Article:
Male department head of the furniture and home furnishing's department and also, he was in charge of the warehouse and home delivery service for the entire store. Because of his added responsibilities for the warehouse and home delivery service, which none of the other department heads had, he is not deemed to have had equal responsibilities and should not be compared with the other department heads for reasons aforesaid.
Female department head of the women's clothing department. Has headed this department since 1962. Supervised two full time and two part time employees. Spent twenty percent of her time on the floor in selling. She received a $15.00 per week salary increase when she was moved, in 1962, as head of the drapery department to head of the women's clothing department. Her annual volume became the highest in the store and she has received good raises because of this.
Female department head of the lingerie and foundations department. Spent sixty to seventy percent of her time selling. Supervised one full time and two part time employees. She was skilled in fitting foundation garments. She is quite experienced and has steadily increased her annual volume.
Female department head of the infant's wear and girl's clothing department. She supervised one full time and one part time employees. Her buying duties were quite simple. She spent most of her time in selling.
Female department head of ladies accessories. She supervised one full time and one part time employees. She required considerable assistance from the store manager in her buying. She spent quite a bit of time in selling on the floor. The price range of items in her department was quite low as compared with the other departments. Her annual volume has remained constant for the most part.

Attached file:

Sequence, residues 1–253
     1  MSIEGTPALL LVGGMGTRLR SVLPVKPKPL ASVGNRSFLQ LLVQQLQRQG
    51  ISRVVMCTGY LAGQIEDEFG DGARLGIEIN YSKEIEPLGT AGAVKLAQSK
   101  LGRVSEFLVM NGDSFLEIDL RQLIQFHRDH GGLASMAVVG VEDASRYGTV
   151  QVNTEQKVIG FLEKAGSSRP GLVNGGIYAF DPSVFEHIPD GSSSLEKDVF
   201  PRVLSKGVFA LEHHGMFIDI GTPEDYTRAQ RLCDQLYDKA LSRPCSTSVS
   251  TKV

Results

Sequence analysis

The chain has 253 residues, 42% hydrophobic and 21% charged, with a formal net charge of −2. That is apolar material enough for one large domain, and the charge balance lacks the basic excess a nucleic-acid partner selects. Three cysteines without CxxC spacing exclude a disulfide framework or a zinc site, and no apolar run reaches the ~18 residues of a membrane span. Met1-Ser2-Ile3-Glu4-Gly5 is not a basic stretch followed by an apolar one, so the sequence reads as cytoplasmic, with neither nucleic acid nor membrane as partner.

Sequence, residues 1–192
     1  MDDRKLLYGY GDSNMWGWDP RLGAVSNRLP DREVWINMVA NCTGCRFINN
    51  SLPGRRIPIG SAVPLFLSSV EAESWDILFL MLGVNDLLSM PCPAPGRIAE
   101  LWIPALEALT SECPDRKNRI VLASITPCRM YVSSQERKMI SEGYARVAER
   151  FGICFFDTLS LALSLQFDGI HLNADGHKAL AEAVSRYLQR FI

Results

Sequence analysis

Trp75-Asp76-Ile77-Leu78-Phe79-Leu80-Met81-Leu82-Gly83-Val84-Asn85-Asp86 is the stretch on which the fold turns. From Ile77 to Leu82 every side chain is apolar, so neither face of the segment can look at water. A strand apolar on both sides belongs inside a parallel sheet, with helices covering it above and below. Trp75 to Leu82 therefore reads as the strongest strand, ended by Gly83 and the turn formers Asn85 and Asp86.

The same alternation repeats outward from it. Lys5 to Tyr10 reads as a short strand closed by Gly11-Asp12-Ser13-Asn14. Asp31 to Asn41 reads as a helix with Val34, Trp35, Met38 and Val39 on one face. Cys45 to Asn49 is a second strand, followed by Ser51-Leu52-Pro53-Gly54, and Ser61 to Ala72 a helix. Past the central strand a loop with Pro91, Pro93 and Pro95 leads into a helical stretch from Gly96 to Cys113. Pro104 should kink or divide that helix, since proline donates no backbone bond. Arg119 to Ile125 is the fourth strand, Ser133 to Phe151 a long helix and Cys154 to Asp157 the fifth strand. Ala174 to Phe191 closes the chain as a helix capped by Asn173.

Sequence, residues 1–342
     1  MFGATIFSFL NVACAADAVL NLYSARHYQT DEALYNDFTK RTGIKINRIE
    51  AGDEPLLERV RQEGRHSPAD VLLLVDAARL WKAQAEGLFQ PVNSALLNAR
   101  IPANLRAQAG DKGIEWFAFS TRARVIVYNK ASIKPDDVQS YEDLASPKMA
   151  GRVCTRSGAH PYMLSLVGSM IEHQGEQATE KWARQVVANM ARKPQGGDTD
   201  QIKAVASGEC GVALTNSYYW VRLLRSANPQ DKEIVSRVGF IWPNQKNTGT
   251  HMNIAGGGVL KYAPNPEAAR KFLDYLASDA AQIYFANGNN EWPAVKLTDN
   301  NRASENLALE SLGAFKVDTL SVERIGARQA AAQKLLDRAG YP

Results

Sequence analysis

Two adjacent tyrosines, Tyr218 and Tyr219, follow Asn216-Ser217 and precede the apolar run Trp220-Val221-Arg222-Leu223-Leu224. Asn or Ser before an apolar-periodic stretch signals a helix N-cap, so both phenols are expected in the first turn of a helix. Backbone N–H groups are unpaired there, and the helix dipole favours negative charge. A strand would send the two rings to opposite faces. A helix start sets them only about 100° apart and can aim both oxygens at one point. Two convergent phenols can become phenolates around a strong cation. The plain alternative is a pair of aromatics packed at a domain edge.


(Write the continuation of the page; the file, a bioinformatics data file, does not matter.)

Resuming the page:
It is evident from the salary scale of the department heads that their salaries were not fixed solely on either annual volume, annual net profit, years of experience or number of employees supervised. There is no pattern which discloses such to be the case. The store manager denied that wage disparities were based on sex. It was his testimony that the salary of each was based on a consideration of other factors which included special skills such as fitting garments, annual volume increases, increases in net profit, a different weekly increase to each when commissions and then bonuses were terminated, buying skills, time spent on the floor in selling which was related to their ability to accomplish their non-selling tasks in minimum time, increases necessitated by competitors seeking their services, as well as experience and over-all performance.
With reference to Habeck and Hill, the Court finds and concludes that the Plaintiff has failed to establish its burden. The two did not perform jobs the performance of which required equal skill, effort and responsibility. Their skills varied as did their responsibilities. Neither could reasonably be said to be able to perform the job of the other. Moreover, the Defendant has carried its burden by establishing that the disparity in wages between the two was based on factors other than sex. Habeck's higher wage was due to his receiving a larger weekly increase to his base salary when commissions and bonuses were terminated than Hill received, due to salary increases granted when competitors were attempting to hire him away which did not occur as to Hill, due to his special skill in being able to fit men's garments which was a skill not possessed by Hill, *1040 his ability to discharge his non-selling duties and spend more time on the floor in selling merchandise than Hill could and his greater experience than Hill.
As to the other employees, here again the Plaintiff has failed to establish its burden. Their skills varied, as did their efforts and responsibilities. None could manage the departments of the others. In addition, Barksdale and Epps did not have buying skills and responsibilities equal to Lockler and their annual volume was less than his. Neither Barksdale, Epps, or Casey supervised as many full time employees as did Lockler. Casey did not have the annual volume that Lockler had. Thus, the Court finds and concludes that the female department heads did not do equal work on jobs the performance of which required equal skill, effort and responsibility with Lockler and, in addition, his higher wage was based on factors other than sex, as aforesaid.